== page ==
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Monk in the World Guest Post: Meg Munro

I am delighted to share another beautiful submission to the Monk in the World guest post series from the community. Read on for Meg Munro’s reflection and paintings on her relationship with the Beloved Mother-Virgin.

I had been despairing that my passion for painting was waning and being replaced with my spiritual longings and pilgrimages. How could this be when I had focused my whole life on being an artist?

The two felt separate and in conflict. Then, in an inspired moment, it occurred to me to put Guadalupe in my painting. 

That is how the Beloved Mother-Virgin came into my paintings, at the time that I was beginning to leave Mexico where I had lived for 30+ years. 

Ave Maria Guadalupe

This is the first Apparition that occurred to me. After I drew the composition, I began to doubt myself and the drawing got put aside. What gave me the right to take this venerated image out of its religious and cultural context? I did not feel she belonged rightfully to me. So, I drew a different one.

The Woman of Light

She is Nuestra Senora de San Juan de los Lagos. Although she is actually the second most venerated and visited Virgin after Guadalupe, she didn’t have as much cultural weight for me. I felt freer to appropriate her. The story is told that she was brought out of the church in order to raise a young girl from the dead. The girl had fallen on the bed of knives in her family’s circus act (17th century). It is said that She (her statue) was already moving around the church at night on her own. And now, she came out of the church to give her re-vivifying self. I put her in the “’weeds” to emphasize just how naturally and “lowly” she appears “outside of the church”.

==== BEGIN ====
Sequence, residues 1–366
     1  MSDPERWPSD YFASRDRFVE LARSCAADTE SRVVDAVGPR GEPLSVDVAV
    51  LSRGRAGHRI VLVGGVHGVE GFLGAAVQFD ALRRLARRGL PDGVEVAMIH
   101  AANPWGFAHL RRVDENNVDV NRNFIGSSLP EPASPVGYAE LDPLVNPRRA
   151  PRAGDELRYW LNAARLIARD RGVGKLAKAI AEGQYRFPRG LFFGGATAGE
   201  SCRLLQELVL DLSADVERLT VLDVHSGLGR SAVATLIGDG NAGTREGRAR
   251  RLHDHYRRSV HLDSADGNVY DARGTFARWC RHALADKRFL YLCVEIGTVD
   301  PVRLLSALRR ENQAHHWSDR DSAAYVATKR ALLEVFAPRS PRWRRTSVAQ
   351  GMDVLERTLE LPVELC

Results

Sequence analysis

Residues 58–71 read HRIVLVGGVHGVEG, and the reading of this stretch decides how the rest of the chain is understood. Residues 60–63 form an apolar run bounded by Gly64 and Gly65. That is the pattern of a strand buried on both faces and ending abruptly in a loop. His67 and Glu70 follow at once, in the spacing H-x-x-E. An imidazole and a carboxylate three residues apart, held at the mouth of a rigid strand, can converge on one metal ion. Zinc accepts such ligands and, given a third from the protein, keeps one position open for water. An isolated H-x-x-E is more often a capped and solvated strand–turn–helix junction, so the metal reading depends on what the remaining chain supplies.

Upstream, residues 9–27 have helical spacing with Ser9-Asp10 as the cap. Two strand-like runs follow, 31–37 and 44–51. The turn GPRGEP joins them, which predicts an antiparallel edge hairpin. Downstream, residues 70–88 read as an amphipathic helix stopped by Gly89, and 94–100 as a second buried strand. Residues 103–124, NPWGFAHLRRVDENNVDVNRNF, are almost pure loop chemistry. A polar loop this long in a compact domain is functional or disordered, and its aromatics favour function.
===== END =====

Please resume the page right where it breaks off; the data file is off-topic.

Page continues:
Then I could paint Ave Maria Guadalupe. I understood that she is bigger than any cultural or church container. She really could come into my paintings. Around this time I had a meditation experience in which I felt Guadalupe merge into my heart and adopt me as her daughter.

I AM Home

I began I AM Home while I was living in a much reduced space, the guest bedroom at my father’s house. I had my painting table set up and a small bed. I felt that if I couldn’t paint I would just die. Somehow, I had ended up there at the time my father began to need help and my artist life, my whole life really had come to a grinding halt.

I completed the painting in Albuquerque during the summer of 2020 after my father had passed and I moved here. It expresses that I want to feel home inside of myself, within myself. 

Meg Munro is a signature member of the National Watercolor Society. Her award-winning paintings have delighted her collectors for many years. She has painted the marketplaces, people, jungle, towns, and gardens of Mexico. Her Bottlescapes and Butterfly paintings are among her most popular.

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